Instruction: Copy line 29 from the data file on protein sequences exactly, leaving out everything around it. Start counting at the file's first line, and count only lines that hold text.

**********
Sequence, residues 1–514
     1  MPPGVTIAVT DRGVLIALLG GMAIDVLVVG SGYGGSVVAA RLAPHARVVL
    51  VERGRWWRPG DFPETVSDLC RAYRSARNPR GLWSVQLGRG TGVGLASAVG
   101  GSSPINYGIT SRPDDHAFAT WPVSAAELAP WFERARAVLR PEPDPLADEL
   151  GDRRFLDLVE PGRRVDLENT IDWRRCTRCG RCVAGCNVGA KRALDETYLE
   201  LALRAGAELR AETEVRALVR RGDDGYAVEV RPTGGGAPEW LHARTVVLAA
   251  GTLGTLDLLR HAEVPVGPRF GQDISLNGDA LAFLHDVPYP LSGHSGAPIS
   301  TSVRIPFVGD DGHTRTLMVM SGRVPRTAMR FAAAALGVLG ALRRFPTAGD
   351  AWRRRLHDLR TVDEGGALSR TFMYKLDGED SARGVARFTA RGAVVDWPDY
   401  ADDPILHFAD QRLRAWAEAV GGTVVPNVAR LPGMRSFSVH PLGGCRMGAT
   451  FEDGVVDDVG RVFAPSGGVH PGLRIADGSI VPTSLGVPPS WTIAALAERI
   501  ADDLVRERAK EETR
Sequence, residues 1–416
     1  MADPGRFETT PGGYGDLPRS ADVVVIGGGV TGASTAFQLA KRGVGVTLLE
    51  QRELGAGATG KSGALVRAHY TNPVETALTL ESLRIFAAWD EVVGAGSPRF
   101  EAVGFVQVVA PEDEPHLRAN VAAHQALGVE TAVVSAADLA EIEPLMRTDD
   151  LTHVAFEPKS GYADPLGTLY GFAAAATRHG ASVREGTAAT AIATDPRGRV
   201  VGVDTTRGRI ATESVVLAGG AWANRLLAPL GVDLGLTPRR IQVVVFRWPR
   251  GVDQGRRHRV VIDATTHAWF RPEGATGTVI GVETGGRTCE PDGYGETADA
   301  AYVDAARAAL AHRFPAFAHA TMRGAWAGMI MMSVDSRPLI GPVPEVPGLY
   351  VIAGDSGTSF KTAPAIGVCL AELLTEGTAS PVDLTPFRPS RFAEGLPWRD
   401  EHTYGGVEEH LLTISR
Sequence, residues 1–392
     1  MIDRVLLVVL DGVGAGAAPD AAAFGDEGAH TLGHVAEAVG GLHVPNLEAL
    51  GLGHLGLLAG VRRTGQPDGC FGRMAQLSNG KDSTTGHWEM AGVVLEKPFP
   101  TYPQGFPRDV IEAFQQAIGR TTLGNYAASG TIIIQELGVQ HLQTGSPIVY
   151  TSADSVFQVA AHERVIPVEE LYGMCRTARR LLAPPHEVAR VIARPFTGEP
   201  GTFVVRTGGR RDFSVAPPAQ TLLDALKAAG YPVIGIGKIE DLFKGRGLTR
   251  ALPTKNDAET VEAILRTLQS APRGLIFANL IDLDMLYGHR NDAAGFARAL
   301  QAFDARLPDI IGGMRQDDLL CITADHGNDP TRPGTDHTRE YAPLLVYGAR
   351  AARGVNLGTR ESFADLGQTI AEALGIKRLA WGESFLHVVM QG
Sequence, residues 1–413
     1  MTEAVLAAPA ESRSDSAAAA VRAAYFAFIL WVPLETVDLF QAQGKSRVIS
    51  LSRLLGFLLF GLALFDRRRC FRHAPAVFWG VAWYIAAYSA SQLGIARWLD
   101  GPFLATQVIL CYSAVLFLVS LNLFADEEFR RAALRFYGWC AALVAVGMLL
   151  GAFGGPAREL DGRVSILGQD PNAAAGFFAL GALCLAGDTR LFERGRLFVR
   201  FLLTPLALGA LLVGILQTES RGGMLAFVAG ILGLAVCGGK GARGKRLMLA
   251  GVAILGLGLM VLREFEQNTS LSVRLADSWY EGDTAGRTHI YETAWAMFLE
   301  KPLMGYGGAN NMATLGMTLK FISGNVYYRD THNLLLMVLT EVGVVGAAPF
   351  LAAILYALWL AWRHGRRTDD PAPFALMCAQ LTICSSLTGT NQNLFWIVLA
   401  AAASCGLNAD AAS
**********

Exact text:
   251  ALPTKNDAET VEAILRTLQS APRGLIFANL IDLDMLYGHR NDAAGFARAL